Little Eurozone appetite for Greece debt write-down - Eurogroup chair
There is little appetite within the Eurozone for a debt write-down for Greece, Eurogroup chair Jeroen Dijsselbloem said today.
Mr Dijsselbloem, who chairs the 19-strong group of Eurozone finance ministers, also signalled that the country must abide by the rules of the Eurozone.
Greek anti-bailout leftist party Syriza swept to victory in a snap election yesterday, with leader Alexis Tsipras promising that five years of austerity, "humiliation and suffering" imposed by international creditors were over.
''Working within the Eurozone means they will comply with all the rules and agreements that we have within the Eurozone, and on that basis, we will support them where we can,'' Mr Dijsselbloem said in Brussels.
''We have already done a lot to take off the debt burden, by reducing interest rates, allowing longer periods for them to repay loans, so there doesn't seem to be a great urgency there.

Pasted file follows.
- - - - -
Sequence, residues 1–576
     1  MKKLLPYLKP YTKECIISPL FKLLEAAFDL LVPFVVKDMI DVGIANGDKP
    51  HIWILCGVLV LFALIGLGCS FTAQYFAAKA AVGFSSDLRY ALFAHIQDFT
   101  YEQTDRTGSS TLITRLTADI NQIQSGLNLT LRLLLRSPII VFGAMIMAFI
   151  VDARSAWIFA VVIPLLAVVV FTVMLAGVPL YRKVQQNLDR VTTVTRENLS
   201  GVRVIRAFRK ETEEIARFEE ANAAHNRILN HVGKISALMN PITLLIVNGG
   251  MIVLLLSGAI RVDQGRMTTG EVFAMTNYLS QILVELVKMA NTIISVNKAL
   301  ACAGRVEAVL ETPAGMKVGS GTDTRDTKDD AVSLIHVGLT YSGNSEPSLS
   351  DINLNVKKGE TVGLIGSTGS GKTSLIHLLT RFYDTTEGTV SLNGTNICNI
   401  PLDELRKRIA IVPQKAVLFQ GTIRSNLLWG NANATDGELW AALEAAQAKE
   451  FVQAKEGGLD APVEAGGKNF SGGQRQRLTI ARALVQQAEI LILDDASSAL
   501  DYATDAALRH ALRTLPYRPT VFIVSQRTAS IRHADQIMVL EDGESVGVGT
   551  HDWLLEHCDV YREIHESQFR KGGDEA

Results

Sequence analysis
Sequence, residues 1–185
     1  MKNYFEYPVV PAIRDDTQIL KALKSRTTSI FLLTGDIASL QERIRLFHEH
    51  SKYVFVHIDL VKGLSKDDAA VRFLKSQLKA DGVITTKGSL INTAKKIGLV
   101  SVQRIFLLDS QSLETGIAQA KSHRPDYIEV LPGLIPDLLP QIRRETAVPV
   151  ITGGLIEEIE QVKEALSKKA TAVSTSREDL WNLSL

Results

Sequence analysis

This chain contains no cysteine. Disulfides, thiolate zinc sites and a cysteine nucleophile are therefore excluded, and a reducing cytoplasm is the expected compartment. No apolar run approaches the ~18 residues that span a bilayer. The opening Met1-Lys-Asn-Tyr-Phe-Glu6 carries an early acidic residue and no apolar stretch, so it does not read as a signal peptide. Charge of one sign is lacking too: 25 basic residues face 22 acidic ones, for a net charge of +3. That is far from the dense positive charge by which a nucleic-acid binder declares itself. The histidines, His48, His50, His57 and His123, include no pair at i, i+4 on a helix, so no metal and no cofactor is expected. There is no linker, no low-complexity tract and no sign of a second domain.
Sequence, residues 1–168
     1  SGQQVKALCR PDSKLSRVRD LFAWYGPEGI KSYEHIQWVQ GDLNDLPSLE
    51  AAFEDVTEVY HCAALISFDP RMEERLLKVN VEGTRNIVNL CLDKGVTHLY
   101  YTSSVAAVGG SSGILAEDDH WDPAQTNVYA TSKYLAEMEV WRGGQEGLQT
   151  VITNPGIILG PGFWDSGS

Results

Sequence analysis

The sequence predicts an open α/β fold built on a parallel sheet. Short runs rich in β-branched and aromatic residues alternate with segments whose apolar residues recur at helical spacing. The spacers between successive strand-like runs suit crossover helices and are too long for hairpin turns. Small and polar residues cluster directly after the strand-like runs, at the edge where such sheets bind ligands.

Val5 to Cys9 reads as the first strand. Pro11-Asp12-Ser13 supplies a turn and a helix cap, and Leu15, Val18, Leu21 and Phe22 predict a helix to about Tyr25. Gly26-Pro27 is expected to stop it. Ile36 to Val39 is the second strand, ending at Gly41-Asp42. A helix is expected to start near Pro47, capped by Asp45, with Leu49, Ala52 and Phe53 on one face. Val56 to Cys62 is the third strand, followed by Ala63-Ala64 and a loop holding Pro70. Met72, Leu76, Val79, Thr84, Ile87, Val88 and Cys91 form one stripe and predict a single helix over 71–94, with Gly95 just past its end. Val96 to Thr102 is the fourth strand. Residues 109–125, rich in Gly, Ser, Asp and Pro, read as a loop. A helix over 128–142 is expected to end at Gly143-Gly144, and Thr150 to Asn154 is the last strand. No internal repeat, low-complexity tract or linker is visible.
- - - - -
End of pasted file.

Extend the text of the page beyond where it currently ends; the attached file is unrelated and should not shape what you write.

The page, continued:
''Writing off debt in nominal value, I don't think there's a lot of support for that in the Eurozone.''
On his way into the Eurogroup meeting, Finance Minister Michael Noonan said things were ''vastly different' between Ireland and Greece.
''While I would have a lot of sympathy for the Greek people, things are vastly different,'' he said.
''My programme is to continue to make the Irish debt even more sustainable. But there are absolutely no market concerns now about Irish debt because of what we've done, that's why our interest rate is at 1pc on 10-year [debt].''
He also said there was scope for restructuring of Greek debt.
But he said he didn't believe the idea of a debt conference was necessary yet.
''Cyrpus and Greece and Portugal and Ireland and Spain have all been resolved by negotiations at Eurogroup and Ecofin, and there's no suggestion that that model won't work again,'' he said.
He said the issue for Greece was not debt cancellation, but the affordability of the debt.
''That means the interest rates and maturities,'' Mr Noonan said.
''I would suggest the way forward is to make the debt affordable by restructuring and we'll see then the way the new Greek government handles the negotiation.''
The German government stuck to its view yesterday that a third haircut, or debt restructuring, for Greece was out of the question but opened the door to a possible extension of Greece's current bailout programme.